The tone of his voice gave little room for misinterpretation.
When Kansas City Chiefs veteran receiver Jeremy Maclin spoke with the media at the practice facility earlier this week, the overlying theme was confidence, both in himself as a leader of this team, but also in what this team could be on the precipice of accomplishing.
Maclin made it clear that this team isn't motivated by last year's playoff run, which ended with a seven-point loss to the New England Patriots on the road in the divisional round.
In his mind, they are motivated by what they know they're capable of achieving, and with the kind of comeback victories and hard-fought performances they've had throughout this season, it almost seems like a team of destiny.
In Week 1, they pulled off the largest comeback in franchise history against the San Diego Chargers—trailing 24-3 with six minutes remaining in the third quarter and eventually winning in overtime. Maclin had a key touchdown reception on a beautiful back-shoulder throw from Alex Smith in the midst of that comeback.
In Week 10, cornerback Marcus Peters, who was outsized by five inches and 50 pounds, ripped the ball out of the hands of Carolina Panthers receiver Kelvin Benjamin late in the game to set up a game-winning field goal by Cairo Santos.
In Week 12, Santos doinked in a game-winning field goal off the left upright in overtime against the Denver Broncos, and that was only after Alex Smith had driven the Chiefs offense down the field in three different high-leverage situations at the end of regulation and then in overtime to set up scoring opportunities.
In Week 13, safety Eric Berry had a performance for the ages in his hometown of Atlanta—walking away with a pick-six and the NFL's first-ever pick-two just a few blocks from where he fought and overcame cancer last year.
This team just kept winning.
"We're battle-tested," Maclin explained. "I think that shows the type of locker room that we have and the type of character that we have in there. Also, it shows the coaches that we have as well. Nobody was exploding, nobody was folding under pressure and our key guys stepped up and made plays.
"That's what makes this team special."
For Maclin, this season hasn't been without its struggles, both for him personally as well as professionally. He tragically lost a close friend earlier in the season and was then sidelined for four games with a groin injury.
Since coming back, Maclin hasn't put up huge numbers (14 receptions for 160 yards in four games), but he has made the key plays when it's mattered the most.
"I had some personal things that I was going through early on and I kind of had to clear my mind," Maclin said of this season. "I was able to come back and just be reliable. That's something you guys have heard me say through my two years here—just be reliable and accountable.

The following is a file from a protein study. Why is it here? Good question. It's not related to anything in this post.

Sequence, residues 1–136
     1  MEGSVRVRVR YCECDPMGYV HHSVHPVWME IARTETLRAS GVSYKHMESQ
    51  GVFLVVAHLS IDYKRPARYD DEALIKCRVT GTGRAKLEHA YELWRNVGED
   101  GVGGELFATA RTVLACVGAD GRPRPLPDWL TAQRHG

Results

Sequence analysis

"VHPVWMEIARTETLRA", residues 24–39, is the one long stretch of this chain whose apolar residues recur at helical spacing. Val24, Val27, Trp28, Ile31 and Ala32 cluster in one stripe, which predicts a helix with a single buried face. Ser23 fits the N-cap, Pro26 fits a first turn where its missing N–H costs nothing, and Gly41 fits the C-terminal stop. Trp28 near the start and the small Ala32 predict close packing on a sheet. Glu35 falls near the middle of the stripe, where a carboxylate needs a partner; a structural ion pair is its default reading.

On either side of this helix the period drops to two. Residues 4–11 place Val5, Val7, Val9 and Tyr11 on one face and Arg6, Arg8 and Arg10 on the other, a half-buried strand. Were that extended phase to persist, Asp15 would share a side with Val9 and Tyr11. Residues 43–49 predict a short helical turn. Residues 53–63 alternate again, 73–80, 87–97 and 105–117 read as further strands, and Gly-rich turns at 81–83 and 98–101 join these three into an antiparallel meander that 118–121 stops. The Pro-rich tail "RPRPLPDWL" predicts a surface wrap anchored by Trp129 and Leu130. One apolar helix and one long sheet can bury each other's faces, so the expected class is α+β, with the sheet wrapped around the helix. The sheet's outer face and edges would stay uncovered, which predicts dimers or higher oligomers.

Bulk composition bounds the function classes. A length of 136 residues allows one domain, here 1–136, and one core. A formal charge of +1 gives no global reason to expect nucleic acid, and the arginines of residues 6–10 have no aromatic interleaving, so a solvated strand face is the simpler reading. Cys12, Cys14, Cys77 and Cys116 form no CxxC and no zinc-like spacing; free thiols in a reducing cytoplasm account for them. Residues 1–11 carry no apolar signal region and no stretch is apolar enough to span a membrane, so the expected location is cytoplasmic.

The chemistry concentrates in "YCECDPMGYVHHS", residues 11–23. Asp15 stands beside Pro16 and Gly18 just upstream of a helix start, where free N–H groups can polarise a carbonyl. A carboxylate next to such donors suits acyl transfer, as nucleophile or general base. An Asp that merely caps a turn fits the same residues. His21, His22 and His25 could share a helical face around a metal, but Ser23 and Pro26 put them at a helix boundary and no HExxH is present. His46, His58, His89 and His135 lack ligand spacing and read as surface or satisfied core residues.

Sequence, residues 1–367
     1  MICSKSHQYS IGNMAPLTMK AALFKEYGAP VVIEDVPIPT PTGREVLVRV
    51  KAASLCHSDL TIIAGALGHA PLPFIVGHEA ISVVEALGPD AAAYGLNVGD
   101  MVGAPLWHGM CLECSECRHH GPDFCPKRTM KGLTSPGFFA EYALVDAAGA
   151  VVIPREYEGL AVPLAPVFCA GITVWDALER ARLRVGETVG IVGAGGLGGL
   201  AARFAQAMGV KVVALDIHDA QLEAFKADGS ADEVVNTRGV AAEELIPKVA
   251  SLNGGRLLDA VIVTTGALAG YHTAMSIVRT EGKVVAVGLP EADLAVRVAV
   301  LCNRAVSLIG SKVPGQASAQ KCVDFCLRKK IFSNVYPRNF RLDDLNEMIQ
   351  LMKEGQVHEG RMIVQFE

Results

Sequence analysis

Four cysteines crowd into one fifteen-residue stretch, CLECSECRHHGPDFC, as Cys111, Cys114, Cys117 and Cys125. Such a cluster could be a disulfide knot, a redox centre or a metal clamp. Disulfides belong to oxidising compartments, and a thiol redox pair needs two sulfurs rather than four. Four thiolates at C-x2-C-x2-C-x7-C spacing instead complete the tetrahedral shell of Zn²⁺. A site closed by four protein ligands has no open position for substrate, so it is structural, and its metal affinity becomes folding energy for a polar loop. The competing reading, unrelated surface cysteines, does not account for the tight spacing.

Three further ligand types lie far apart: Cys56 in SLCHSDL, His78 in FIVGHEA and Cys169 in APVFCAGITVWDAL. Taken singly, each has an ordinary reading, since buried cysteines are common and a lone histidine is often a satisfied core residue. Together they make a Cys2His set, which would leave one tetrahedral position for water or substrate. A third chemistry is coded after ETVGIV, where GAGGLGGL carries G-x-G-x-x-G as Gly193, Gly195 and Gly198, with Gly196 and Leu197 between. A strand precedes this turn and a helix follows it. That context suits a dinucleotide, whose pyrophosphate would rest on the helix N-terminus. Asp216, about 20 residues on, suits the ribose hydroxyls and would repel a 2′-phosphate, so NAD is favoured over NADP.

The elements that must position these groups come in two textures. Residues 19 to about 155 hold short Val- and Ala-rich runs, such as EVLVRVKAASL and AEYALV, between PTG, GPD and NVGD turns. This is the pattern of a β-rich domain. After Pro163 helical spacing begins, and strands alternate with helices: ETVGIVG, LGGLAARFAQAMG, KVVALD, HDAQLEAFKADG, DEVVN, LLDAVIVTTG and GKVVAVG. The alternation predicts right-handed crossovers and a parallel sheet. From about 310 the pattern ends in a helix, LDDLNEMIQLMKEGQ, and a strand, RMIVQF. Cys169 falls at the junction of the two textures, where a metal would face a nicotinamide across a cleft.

"The balls will fall where they fall, but whenever your number is called, you have to be there for the quarterback."
One area that Maclin has always made an impact is his leadership with the younger players on the roster, particularly guys like Albert Wilson, Chris Conley, and now, Tyreek Hill.
"I think you want that responsibility and that type of role," Maclin explained. "It goes to show you what guys think of you, what coaches think of you and that they believe in you and just the type of person that you are.
"I always say that you're not reaching your full potential as a person unless you're helping others."
It's that line of thinking that Maclin says has developed a truly unique locker room.
"It's as good as I've been around," Maclin explained. "Absolutely. To sit up there and say that it's flawless, I'd be lying to you. Brothers fight all the time, right? But it's great. The difference is when brothers fight, they're able to hug it out afterwards.
"I think that's the difference—not holding grudges and trying to turn your back on each other. It's been wonderful."
It's a level of trust that has spread and developed under Andy Reid throughout the entire organization.
"That's everything," Maclin agreed. "I think trust is what this game is built on. I think the trust between coaches and players, between the players themselves, and even between management and players is where the elite [teams] separate themselves. You might be able to get through it for a while by hiding that type of stuff, but eventually it comes out and bites you in the butt.
"The fact that trust is mutual here, I think that's the real key to success."
As Maclin and company prepare for an opponent that's yet to be determined, the lessons learned throughout this season should only serve them well moving forward.
"This season tested me mentally a little bit, and I couldn't be happier than where we are now," Maclin added. "The situation we're in as a team and where I am physically and mentally off the football field, too, with my family and everything—I feel good about it.
"We like our chances against anybody."